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There is a strange behaivour in the STDOUT of this program.

If I execute the program: ./steam -command update -game "Counter-Strike Source" -dir . Outputs the next:

Checking bootstrapper version ...
Updating Installation
Determining which depot(s) to install/update...
5 depot(s) will be installed/updated
  0:02 Checking local files and building download list for depot 242 'Counter-Strike Source Shared' version 129
  0:02     Connecting content server session for version 129
  0:03     [80.239.194.162:27030] Connecting...
  0:06     [80.239.194.162:27030] Failed.  Failed to connect to 80.239.194.162:27030, errno 115 "Operation now in progress"
  0:06     [81.171.68.195:27030] Connecting...
  0:07     [81.171.68.195:27030] Connection established; handshaking...
  0:08     [81.171.68.195:27030] Sending login message...
  0:08     Fetching version 129 manifest
  ...

For any strange reason if I use a pipe and tee to log it into a file this way: ./steam -command update -game "Counter-Strike Source" -dir . | tee log The only thing that outputs the program is:

Checking bootstrapper version ...
Updating Installation
Determining which depot(s) to install/update...
5 depot(s) will be installed/updated

And nothing more. The same text is in the log file and on the screen. Still the program starts updating the files. Any idea why is this happening?

Note: The lines that are missing are not from STDERR

Note2: ./steam doesnt create any children or extra processes

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2 Answers 2

up vote 2 down vote accepted

I'd guess the program is checking isatty(3) to decide whether to display progress output. If that's the case, then you probably wouldn't get very sensible output if you did capture it to a file, because it's probably using various control characters to make the output more human-friendly.

You can try capturing the program's output when it's connected to a TTY by running:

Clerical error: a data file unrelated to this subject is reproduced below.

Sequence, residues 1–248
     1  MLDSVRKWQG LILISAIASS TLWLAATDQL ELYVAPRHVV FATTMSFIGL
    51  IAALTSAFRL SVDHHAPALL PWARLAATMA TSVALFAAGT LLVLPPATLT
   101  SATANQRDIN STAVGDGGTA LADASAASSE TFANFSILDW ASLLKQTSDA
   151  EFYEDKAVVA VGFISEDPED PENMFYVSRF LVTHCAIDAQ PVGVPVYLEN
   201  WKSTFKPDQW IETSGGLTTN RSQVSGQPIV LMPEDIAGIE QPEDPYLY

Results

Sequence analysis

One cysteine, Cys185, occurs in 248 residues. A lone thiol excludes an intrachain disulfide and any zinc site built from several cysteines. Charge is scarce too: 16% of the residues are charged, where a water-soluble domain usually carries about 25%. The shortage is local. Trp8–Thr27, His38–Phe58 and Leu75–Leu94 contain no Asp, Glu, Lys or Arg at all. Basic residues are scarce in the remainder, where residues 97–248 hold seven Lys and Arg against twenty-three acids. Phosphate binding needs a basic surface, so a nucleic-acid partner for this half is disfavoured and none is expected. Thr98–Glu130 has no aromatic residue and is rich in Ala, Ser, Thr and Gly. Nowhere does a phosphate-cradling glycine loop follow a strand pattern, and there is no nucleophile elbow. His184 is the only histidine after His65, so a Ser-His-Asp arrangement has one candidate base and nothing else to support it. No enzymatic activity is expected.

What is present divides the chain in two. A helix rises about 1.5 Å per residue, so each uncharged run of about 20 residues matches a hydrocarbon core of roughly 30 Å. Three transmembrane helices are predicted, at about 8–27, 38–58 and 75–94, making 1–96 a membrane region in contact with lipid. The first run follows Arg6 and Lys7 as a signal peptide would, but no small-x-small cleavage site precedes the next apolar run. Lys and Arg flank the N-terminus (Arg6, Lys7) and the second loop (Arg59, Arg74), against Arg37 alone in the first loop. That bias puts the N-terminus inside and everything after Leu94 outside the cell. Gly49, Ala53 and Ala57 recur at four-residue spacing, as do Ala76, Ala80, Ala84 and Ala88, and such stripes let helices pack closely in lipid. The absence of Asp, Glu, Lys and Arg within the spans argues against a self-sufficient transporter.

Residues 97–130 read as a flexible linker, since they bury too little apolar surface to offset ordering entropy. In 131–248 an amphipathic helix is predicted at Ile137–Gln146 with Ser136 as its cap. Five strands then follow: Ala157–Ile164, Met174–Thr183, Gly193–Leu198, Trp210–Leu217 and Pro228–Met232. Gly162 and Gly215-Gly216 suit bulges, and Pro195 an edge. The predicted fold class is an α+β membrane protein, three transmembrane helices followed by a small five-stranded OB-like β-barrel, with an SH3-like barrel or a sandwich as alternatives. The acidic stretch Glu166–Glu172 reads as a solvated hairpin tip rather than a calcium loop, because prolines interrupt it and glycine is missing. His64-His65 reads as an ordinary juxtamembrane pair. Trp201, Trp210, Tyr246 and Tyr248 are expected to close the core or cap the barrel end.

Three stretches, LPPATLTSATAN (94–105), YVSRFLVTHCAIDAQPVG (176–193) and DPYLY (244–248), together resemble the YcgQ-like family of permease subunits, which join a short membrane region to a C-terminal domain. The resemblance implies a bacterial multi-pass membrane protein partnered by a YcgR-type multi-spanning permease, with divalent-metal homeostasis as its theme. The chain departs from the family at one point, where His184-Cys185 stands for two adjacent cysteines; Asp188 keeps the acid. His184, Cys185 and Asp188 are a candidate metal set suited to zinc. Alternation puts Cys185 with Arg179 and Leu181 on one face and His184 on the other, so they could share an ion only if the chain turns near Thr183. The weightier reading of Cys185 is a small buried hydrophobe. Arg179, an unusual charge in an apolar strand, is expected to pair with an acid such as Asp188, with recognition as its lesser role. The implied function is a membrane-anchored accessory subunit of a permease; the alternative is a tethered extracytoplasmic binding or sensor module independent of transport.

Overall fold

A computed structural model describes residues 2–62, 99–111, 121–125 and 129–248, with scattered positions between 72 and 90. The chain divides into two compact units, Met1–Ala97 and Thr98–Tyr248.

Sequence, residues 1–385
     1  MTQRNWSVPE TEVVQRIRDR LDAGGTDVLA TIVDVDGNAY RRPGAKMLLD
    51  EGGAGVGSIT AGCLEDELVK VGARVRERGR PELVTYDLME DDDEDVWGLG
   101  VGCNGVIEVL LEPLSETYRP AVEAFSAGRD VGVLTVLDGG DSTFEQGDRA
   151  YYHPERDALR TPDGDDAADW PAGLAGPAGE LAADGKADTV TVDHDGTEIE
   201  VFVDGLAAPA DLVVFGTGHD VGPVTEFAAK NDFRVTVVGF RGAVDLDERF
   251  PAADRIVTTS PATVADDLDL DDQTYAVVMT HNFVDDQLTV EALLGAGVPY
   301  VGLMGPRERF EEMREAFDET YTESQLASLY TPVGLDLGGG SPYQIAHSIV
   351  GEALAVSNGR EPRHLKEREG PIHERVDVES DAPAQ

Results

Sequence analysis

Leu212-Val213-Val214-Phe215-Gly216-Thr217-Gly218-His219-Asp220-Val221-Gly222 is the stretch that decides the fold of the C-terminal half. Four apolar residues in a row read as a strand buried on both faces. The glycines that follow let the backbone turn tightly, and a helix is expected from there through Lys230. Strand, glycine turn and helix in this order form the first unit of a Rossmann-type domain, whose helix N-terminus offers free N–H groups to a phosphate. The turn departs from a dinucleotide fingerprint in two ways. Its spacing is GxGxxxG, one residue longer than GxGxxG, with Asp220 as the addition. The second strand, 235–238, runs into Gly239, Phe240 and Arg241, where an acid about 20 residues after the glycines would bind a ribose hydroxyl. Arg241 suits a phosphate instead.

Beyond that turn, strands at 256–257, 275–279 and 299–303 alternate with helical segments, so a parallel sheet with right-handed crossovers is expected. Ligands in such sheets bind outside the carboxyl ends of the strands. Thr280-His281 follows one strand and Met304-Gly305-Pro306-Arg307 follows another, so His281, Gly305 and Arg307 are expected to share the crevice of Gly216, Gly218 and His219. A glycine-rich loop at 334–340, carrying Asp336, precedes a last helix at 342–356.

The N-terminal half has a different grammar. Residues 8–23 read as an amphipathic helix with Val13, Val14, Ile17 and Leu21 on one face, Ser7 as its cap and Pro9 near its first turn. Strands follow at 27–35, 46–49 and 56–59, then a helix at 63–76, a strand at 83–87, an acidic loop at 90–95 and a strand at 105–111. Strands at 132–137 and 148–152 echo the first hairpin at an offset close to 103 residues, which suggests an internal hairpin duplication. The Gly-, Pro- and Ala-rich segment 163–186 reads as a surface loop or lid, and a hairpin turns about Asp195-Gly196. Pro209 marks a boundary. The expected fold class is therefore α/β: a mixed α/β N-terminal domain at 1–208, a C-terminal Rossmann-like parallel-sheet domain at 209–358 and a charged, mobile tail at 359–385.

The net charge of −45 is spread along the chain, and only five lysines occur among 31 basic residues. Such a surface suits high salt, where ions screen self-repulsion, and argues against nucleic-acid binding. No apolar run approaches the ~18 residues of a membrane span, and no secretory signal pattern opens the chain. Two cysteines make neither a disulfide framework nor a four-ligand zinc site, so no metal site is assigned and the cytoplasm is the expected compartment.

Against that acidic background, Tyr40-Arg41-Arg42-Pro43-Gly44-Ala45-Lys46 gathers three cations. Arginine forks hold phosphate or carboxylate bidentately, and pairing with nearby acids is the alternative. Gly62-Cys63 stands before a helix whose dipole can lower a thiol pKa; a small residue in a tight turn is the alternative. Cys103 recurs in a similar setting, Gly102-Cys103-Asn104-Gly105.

script -c "./steam -command update ..." logfile
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Wow, thanks. It worked perfectly. –  Alejandro Garcia Nov 12 '12 at 1:06

tee has a dual purpose -- it reads from standard input and writes the output to the specified file and to its standard output. As a result, you'll end up seeing everything that's being written to the log file on your terminal, since there's nothing to "soak up" the output from tee.

If you just want to write all output to a file, use output redirection instead:

./steam [args...] >> log

To include standard error:

./steam [args...] 2>&1 >> log
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I thought of that, but doesnt work either. To know if these lines are from STDERR, I used steam [options] 2>/dev/null to take out the STDERR. But "Checking local files" and so on still where outputed –  Alejandro Garcia Nov 11 '12 at 22:00
    
please learn to include valuable debugging information like this in your main question. Once you get more than 2 answers with 4 comments each, anyone that is trying to help you will have to read a lot just to find this important piece of information. To help with your question, my guess is that some child or remote process of ./stream is generating that output. As I don't have CounterStrike, I don't have a way to test this theory. Good luck. –  shellter Nov 11 '12 at 22:16
    
@shellter Thanks, but sadly there arent any extra processes of ./steam. I have updated the question with this details –  Alejandro Garcia Nov 11 '12 at 22:31
    
sounds crazy (and maybe shell heads will correct me that such a thing just isn't possible), but an easy thing to try is 3>&1, then 4>&1, .... etc to see if somehow ./stream is writing to an extra file handle. (And then of course, per my previous comment, include this information in you original question ;-) ). Good luck. –  shellter Nov 11 '12 at 22:34
    
OH, DUH. tee doesn't soak up output. Answer updated. –  duskwuff Nov 11 '12 at 22:39

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